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Portal Shmortal - 2004: It's time to get serious

Portal Shmortal - 2004: It's time to get serious

The "P" word surely gets thrown around a lot these days. It's time to determine what's real and what's not - and for the sake of this article, let's keep our focus on enterprise, or corporate, portals.

Make no mistake - portals are changing the way people work. Beyond mere buzzwords, portal software technology has advanced to the point where companies in all industries are benefiting from the deployment of enterprise portals (by definition, enterprise portals present a single gateway to all corporate information and services so that employees may do their jobs better).

Unfortunately, many of the recent adopters of state-of-the-art portal software (such as open standards-based WebSphere), have something equivalent to "shelfware" right now. Whether it was the smiling salespeople, the fancy Powerpoint presentations, or the slick advertising, 2003 was the year that many companies spent lots of money on portal software. Yet many customers made these purchases with dreams of out-of-the-box or "quick" deployments dancing in their heads, only to find that a successful enterprise portal deployment is, as Donald Rumsfeld would say, "a long, hard slog."

A successfully deployed enterprise portal will, in fact, truly pay for itself many times over. Thinking back to what the first version of corporate intranets did for employee productivity, when just getting all that data and those hard-to-find documents onto the Web was a victory, it is easy to see what getting truly disparate systems, some new, some ancient, into one nice, slick screen will do for the productivity and satisfaction of your employees, partners, and customers.

If your company hasn't rolled out an enterprise portal, and you are trying to imagine what it would be like, think about this real-world example: - an external, B2C portal. For years I found Sprint to have the worst customer service ever (of course I was locked into my cell number). And at first, this site was nothing more than an informational portal, offering stale information at that. Now I can tap into my bill, pay my invoice, change my address, check on how many minutes I have gone over on my monthly plan, etc. - all by using my own voice mail pin number for sign-on! So Sprint has a much happier customer, and they cut down on their call center costs.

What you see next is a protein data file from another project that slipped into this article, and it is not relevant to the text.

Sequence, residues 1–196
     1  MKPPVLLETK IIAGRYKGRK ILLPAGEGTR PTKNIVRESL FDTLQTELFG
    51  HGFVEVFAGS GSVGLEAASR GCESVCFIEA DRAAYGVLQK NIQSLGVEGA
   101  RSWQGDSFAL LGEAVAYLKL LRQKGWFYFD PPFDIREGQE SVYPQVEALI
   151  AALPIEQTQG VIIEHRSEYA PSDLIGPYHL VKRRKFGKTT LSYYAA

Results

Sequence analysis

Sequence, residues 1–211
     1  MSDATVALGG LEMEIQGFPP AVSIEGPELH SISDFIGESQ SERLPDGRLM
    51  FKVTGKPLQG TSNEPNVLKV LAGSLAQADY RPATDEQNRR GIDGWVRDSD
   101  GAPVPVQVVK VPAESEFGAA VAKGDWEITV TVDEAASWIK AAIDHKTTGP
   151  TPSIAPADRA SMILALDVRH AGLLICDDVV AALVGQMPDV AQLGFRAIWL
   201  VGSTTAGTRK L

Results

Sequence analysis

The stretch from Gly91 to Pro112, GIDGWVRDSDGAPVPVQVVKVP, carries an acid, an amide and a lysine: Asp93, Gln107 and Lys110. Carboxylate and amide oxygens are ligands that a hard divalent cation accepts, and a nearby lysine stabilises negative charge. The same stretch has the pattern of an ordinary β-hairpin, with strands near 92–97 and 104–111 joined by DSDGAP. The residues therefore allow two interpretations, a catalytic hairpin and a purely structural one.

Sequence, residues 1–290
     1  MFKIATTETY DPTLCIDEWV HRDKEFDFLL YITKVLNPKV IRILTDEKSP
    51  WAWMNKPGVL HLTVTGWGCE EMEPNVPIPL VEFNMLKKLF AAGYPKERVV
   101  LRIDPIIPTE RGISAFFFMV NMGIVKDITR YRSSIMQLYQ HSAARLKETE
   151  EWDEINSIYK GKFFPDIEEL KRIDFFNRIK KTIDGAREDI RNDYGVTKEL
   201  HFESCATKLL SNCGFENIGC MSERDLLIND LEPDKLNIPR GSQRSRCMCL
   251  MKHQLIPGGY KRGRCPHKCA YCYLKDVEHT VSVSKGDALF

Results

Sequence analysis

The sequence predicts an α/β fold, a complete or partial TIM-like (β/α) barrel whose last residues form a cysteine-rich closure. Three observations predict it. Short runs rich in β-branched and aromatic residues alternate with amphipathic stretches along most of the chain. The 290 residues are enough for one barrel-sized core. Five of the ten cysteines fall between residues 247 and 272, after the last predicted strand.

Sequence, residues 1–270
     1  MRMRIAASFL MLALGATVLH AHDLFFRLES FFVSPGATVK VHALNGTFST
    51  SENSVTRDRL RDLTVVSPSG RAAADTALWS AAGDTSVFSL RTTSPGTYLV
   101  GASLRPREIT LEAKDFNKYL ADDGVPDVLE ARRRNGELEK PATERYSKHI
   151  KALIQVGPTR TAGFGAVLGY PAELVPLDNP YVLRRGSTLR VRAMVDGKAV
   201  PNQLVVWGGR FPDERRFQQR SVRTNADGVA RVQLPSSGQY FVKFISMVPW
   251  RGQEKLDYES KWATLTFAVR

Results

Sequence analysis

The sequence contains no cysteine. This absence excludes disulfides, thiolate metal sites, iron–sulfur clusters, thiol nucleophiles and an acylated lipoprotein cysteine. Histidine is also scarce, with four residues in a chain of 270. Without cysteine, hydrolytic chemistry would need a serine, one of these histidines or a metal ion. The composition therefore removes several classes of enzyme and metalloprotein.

A successful approach to building an enterprise portal requires understanding the following factors that determine whether portals either succeed or fail:

  • Political: Ensure top management backing (establish an advisory group) and make it easy for departments to join the portal early on.
  • Organizational: Get contributors to comply with the portal rules, enter decent metadata, and refrain from fielding "maverick" intranet servers beyond the intended scope.
  • Technical: Use a true open-standards, comprehensive portal application that will allow for growth and scalability; avoid specific "portal" interfaces (i.e., ERP portals) and proprietary systems.

    My own company, Rave Software Solutions, has been somewhat guilty this year in failing to help our customers successfully move their portal deployments into the business units. Of course, we have been very busy helping their IT departments architect, configure, install, and troubleshoot just their portal infrastructures.

    Now we are focusing on delivering value to the business units. After much market research we have selected the sales force as one group of employees that could truly benefit from an enterprise portal. Our Sales Portal solution now helps sales reps access their disparate order entry, marketing, CRM, collaboration, training, commission and expense tracking, travel, and other applications in one screen. Look for these targeted industry or function-specific portals to be popping up from the business partner community this year.

    Remember, portals are smart. Corporate portals deliver the right information and services to the right individual users, thereby increasing employee productivity, which, after all, is what drives a strong portal ROI. And if we are to keep employee productivity on the rise as in the third quarter of this year, we have our work cut out for us. My suggestion: start building a portal now.

    When you really get down to it, as one IBMer told me, WebSphere Portal is really just fancy plumbing, and it is up to us to decide which faucets to turn on. So, here's to 2004 being the year we all go out and build that fancy information "fixture."

More Stories By Stephen Arees

Stephen Arees is director of Business Development and Marketing for Rave Software Solutions, a division of Computer Generated Solutions (CGS), which provides a range of offerings in the e-business, application development, e-learning, and vendor management spaces. Rave hosts the IBM WebSphere Innovation Center in New York City.

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Most Recent Comments
Punit Pandey 01/14/04 07:45:39 AM EST

If you really want to know more about portals, please check -

Steve DeLillo 01/09/04 07:00:15 AM EST

I think that "one" time, in an IBM seminar on WebSphere, have I "ever" gotten a "definition" of what constitutes a portal.

Has the concept and structure of a portal "ever" been defined in a JDJ publication?